For me, Tacos for Two is an achievement over and above my other novels. This book took so much more focus and effort. It was hard, honestly. And not because I didn’t love the story, but rather, because writing under duress is a game-changer. There was anxiety and fear over the state of the world in general that I was constantly battling with prayer and Scriptures. There was homeschooling a fourth grader and a seventh grader for the first time, all while working a day job from home and attempting to meet my novel deadline. (I haven’t even mentioned my devotional-writing and freelance editing side-gigs!)
Top all those pressures off with an extensive revision letter from my editor, during an already emotionally volatile time, and well—it’s a wonder I didn’t collapse. I remember getting the revision suggestions from my editor and riding that initial wave of feeling massively overwhelmed. Then, I took a deep breath and reminded myself of something that had proven true during former hard moments in life: “take one step at a time”. I trusted the book would be all the better for the extra work. (And it was—my editor is brilliant!) I simply had to dive in, one line at a time, and shape the book into what it needed to be. Just like I was learning with everything else in a pandemic world—looking too far ahead brought anxiety but looking at the very next thing that needed to be done brought peace and accomplishment.
In hindsight, I think Tacos for Two contains all the emotions that were poured into it. (Along with the extra cilantro!) Humor (because hey, if I didn’t laugh, I would cry, right?), my character’s deep need for connection (via an online dating app), fear of things changing (along with the fear of them never changing!), high stakes (you’ll have to read to see!), pressure under deadline (the food truck cook-off!) and of course, romance.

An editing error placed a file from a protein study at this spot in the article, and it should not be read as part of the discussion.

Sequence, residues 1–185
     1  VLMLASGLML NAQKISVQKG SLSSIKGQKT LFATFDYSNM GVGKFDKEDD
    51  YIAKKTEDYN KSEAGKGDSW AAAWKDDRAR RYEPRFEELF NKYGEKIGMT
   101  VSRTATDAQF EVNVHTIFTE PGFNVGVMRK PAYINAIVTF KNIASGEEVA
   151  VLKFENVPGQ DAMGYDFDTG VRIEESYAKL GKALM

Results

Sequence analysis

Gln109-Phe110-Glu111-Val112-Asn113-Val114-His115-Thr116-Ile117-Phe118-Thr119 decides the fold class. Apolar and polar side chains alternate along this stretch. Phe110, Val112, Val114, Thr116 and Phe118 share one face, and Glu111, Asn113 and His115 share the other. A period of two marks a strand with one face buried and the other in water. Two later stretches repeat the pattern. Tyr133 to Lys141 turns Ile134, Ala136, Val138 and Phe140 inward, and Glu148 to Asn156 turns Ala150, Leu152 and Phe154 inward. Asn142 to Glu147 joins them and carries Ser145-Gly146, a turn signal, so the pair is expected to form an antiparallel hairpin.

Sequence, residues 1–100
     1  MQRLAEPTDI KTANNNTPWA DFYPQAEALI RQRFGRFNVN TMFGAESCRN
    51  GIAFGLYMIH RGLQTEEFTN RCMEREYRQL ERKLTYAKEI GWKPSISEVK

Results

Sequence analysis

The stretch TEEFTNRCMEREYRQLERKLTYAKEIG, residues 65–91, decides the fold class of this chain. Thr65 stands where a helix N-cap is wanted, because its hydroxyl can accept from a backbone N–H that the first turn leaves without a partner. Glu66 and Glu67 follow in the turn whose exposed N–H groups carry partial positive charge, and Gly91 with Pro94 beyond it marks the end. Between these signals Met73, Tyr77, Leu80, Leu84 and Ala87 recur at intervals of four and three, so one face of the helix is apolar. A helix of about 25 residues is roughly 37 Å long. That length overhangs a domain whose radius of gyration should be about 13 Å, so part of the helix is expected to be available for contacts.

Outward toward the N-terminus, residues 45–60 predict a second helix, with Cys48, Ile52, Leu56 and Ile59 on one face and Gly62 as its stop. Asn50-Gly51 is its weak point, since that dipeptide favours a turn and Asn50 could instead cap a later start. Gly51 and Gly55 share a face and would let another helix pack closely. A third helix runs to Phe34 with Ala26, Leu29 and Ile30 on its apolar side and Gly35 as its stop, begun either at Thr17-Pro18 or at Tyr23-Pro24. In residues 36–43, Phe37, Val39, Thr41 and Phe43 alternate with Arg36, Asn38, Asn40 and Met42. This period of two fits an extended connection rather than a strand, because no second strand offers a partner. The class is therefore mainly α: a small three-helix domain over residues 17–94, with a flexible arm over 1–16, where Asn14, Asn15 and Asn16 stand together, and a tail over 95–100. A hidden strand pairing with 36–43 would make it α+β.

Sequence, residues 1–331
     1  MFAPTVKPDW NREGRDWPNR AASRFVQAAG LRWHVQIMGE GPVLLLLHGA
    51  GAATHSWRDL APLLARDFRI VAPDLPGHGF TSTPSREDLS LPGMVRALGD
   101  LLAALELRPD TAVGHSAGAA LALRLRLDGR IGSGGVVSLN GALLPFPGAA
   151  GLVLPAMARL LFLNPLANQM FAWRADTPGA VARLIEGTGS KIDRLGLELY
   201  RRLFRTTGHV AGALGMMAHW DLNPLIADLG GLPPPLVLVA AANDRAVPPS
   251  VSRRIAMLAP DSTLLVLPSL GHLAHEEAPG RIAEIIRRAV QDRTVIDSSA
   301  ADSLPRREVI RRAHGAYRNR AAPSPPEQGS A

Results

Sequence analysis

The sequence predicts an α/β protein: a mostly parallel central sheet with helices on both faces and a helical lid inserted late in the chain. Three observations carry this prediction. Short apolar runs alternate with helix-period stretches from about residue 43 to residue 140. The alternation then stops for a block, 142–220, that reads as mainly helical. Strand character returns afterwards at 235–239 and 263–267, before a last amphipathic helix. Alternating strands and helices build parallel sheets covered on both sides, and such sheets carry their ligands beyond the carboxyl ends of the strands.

While there were definitely a few times I wished I had the house to myself, I was very grateful at the end of each day to have my family, quarantined or not. There was a time in my life where it would have been just me—a single mom—and my young daughter figuring things out alone in that unknown season. But because of God’s grace, I made it through the pandemic and my deadline with the support of a loving husband—who thankfully didn’t seem to mind a lot of leftovers and unvacuumed carpets!
I think Jude and Rory, the hero and heroine of Tacos for Two, are highly relatable characters for readers during this unprecedented time we’re all still figuring out. They, too, had to navigate uncertainty, anxieties, unknown futures, and pressures they would have never chosen. Along the way, they discover truths about themselves, create some delicious cuisine (and burn a few things!), and learn important lessons about forgiveness, second chances… and that sometimes love really does begin in the kitchen!
Betsy St. Amant is the author of more than fifteen inspirational romances, including The Key to Love, and a frequent contributor to iBelieve.com. She lives in north Louisiana with her husband, two daughters, a collection of Austen novels, and an impressive stash of pickle-flavored Pringles. When she’s not composing her next book or trying to prove unicorns are real, Betsy can usually be found somewhere in the vicinity of a white chocolate mocha—no whip. Learn more at www.betsystamant.com.